pg> peer review? (oops, can't win, they'll get taken to task anyway...)

The truth is, that the Forum said it was wasn't out to change peer
review and then described speculative structures in which it was
changed after all!

(Yes, the only sense in which peer review need be mentioned in
connection with free archiving initiatives is (1) the archive does not
provide peer review, (2) authors can self-archive both peer-reviewed
and non-peer-reviewed papers, and (3) the possibility of official
journal overlays is there too, along with overlays for new peer review
schemes and entities, should anyone care to implement them.)

    SF> Editorial Boards will continue to be established just as today
    SF> by the scientific community, to serve the same critical needs.
  sh> This passage has absolutely no content. It is like saying that life
  sh> will go on: Of course peer review will proceed apace. Why even mention
  sh> it, or link it in any way with the substantive thing the Forum is
  sh> trying to do?
pg> perhaps to make it clear precisely which elements of the current system
pg> one expects to maintain in the short term? not everyone takes it for
pg> granted that the current peer review system should or can be maintained
pg> without modification, so this explains where they stand on this issue
pg> (and if coming down in favor of the concept of classical peer review is
pg> necessarily content-free, then others are equally guilty in this
pg> regard).

Please re-read the Scholars Forum Proposal. There is a profound
ambiguity about just who/what those "Editorial Boards" are to be.
If they are the current journals (and their successors), there is no
problem, and this should be stated explicitly. If they are meant to be
new entities to compete with these current journals, spawned somehow in
conjunction with the Scholars Forum Initiative, then again we are in
the speculative reform business instead of the business of freeing the

    SF> To facilitate this new mode of discussion, the Forum will
    SF> develop the mechanisms to support and retain linked commentary.
  sh> Eminently worthwhile feature, but already proposed by the American
  sh> Physical Society in 1992, and as obvious a capability for an online
  sh> archive as citation-linking.
pg> actually this probably refers to something we considered in 1994, and
pg> it wasn't with the APS

Have another look at the reference below. The APS Task Force was
definitely considering this already in 1991, although, as I note in
the paper, they did not fully appreciate its implications:

    Harnad, S. (1992) Interactive Publication: Extending American
    Physical Society's Discipline-Specific Model for Electronic
    Publishing. Serials Review, Special Issue on Economics Models for
    Electronic Publishing, pp. 58 - 61.

    The American Physical Society's Task Force's Report on Electronic
    Information Systems (this volume) has sounded all the right chords:
    The idea is to develop a world scientific information system that
    will include all the formal scientific literature that has been, is
    being, and will be published, as well as the informal unpublished
    scientific communications that surround it, all in an electronic
    form that is searchable and accessible by any scientist anywhere in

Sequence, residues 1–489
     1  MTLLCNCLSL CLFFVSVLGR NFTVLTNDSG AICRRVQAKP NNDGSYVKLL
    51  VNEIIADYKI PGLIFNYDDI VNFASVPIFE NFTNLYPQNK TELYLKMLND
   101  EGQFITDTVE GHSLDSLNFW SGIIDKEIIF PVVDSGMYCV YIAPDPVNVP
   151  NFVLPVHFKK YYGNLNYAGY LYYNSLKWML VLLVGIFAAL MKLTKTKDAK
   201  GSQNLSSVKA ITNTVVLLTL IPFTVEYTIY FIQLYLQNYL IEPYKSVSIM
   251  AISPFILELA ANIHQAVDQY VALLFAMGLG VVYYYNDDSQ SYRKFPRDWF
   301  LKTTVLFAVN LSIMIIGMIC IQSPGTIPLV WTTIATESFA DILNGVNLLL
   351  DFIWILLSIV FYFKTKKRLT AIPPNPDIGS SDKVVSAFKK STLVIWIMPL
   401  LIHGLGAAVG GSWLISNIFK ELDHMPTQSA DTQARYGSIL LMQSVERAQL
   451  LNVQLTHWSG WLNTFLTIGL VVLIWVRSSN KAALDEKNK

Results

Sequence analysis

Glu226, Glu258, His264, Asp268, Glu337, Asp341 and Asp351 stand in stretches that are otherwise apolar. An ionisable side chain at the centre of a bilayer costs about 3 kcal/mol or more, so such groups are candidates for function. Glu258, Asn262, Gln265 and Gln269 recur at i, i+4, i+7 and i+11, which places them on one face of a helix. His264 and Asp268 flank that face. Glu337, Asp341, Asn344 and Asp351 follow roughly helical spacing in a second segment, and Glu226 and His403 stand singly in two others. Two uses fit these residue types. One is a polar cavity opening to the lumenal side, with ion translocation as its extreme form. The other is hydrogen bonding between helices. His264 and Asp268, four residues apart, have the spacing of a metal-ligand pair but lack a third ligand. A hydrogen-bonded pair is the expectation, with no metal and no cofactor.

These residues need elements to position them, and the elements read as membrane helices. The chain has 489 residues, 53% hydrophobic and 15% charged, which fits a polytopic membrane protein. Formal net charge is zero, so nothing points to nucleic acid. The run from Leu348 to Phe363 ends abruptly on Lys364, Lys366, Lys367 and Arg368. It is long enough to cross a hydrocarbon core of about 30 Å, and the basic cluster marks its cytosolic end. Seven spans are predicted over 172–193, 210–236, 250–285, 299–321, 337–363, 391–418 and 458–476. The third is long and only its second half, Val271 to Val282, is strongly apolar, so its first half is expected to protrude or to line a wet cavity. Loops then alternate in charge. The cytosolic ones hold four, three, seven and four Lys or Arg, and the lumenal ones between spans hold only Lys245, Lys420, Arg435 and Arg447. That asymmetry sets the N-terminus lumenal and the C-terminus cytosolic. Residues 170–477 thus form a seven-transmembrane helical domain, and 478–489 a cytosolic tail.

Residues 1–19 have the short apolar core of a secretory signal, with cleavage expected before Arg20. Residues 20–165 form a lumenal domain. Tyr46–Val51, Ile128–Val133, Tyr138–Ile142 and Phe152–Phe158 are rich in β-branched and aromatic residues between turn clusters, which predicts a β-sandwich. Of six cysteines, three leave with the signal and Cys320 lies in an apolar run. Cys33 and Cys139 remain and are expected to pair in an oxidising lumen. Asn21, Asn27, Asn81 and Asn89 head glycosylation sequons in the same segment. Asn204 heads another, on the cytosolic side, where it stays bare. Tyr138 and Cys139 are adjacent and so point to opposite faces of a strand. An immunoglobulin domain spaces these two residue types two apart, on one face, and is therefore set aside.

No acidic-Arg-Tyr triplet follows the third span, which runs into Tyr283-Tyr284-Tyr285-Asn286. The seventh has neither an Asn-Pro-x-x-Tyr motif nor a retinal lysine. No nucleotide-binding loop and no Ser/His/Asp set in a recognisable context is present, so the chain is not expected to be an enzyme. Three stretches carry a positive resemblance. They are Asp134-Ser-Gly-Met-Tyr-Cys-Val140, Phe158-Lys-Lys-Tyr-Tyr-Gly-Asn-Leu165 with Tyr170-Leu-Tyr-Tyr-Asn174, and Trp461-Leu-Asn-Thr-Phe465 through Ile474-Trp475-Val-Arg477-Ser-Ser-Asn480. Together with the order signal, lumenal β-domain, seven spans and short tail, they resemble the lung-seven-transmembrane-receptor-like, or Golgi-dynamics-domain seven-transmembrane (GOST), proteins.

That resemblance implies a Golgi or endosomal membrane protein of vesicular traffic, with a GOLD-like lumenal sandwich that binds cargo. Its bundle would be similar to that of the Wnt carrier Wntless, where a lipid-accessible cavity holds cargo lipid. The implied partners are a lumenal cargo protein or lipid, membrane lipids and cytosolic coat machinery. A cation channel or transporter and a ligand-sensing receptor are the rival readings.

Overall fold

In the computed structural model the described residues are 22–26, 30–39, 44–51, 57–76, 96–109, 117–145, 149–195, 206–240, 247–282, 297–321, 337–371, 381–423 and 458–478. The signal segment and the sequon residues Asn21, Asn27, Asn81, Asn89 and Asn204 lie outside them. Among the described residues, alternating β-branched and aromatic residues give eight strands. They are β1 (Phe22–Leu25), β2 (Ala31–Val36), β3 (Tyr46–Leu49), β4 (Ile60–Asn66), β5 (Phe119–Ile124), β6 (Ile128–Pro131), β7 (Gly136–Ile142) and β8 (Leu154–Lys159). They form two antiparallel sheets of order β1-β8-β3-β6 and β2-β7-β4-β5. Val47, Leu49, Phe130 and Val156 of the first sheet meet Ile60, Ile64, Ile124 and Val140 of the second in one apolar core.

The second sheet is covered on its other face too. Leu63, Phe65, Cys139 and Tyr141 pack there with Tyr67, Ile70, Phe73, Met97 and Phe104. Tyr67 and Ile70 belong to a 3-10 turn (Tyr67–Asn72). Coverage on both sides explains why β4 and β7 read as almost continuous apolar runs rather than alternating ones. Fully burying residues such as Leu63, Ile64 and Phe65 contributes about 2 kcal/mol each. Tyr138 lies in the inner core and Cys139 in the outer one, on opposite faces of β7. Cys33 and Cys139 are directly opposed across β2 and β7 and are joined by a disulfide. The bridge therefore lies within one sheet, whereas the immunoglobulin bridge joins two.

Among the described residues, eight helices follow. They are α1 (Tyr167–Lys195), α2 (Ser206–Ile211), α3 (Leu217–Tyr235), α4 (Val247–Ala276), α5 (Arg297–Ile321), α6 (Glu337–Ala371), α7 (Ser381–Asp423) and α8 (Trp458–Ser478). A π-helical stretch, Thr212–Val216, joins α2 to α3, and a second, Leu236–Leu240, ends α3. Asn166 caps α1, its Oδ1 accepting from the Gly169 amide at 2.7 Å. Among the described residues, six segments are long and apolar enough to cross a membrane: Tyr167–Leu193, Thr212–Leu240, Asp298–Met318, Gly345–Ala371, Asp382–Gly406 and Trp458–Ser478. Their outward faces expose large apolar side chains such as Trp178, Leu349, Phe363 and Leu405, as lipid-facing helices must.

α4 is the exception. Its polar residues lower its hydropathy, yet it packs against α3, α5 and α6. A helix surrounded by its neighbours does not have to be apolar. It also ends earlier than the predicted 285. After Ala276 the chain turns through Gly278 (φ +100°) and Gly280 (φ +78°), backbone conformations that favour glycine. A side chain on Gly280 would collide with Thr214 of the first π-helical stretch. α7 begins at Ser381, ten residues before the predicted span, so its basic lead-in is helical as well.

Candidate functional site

the world. The system would be furnished and administered by a
    collaborative effort among the scientists themselves through their
    learned societies, universities and libraries, and perhaps some
    publishers and data-base producers too. The Report discusses
    knowledgeably the technological state of the art in the software,
    hardware, and telecommunications resources that will be required to
    implement this ambitious system. Sounding the appropriate notes of
    caution about the economic and psychological factors that must be
    reckoned with, the Report confidently describes the electronic
    medium as poised for a series of revolutionary changes, changes
    that will be as beneficial as they are inevitable.

    I am in complete agreement with this assessment and will add only
    one specific detail that I believe will play a much more
    significant role in hastening the revolution than what is implied
    by the APS Report. I will close with some reflections on the
    economics of information.

    The APS Report notes (in section 2.2) "the blurring of distinctions
    between private [scientific/scholarly] communication (the "informal
    literature") and published articles (the "formal literature")" and
    devotes an entire section (4.5) to "Novel forms of "informal
    literature" " (namely,"preprints and comments/discussions"). Yet
    the implications of this seemingly minor detail do not appear to be
    appreciated in the Report's conventional (and distinctly
    nonrevolutionary) conclusion (section 4.3.2) that the "publication
    process will be completed by the journal or book publisher who will
    produce blocks of code for each document."

sh> First, let me make it explicit, as I have done before, that the CalTech
sh> initiative is very welcome and should be supported. Let us in no way
sh> balkanize our efforts over minor local differences. The overall idea is
sh> excellent, timely, and should be pursued with energy and speed.
pg> (yes. but sometimes too many mentions of "short-sighted banalities",
pg> "empty nonsense", "content-free", "amateurism and quackery" tend to
pg> exaggerate the "minor local differences".)

Fair enough. I'll curb the cavils lest they be misused by the
opponents of free archiving. (I think Steve Koonin knows that my
critique is intended to be a constructive one, and that once the weak
parts of the Cal Tech proposal are removed, it could form the basis for
a very powerful and important initiative that could play a historic
international role in hydrating a thirsty Global Academy.)

Stevan Harnad
Professor of Cognitive Science
Department of Electronics and phone: +44 1703 592-582
Computer Science fax: +44 1703 592-865
University of Southampton
Highfield, Southampton
Received on Wed Feb 10 1999 - 19:17:43 GMT

This archive was generated by hypermail 2.3.0 : Fri Dec 10 2010 - 19:45:30 GMT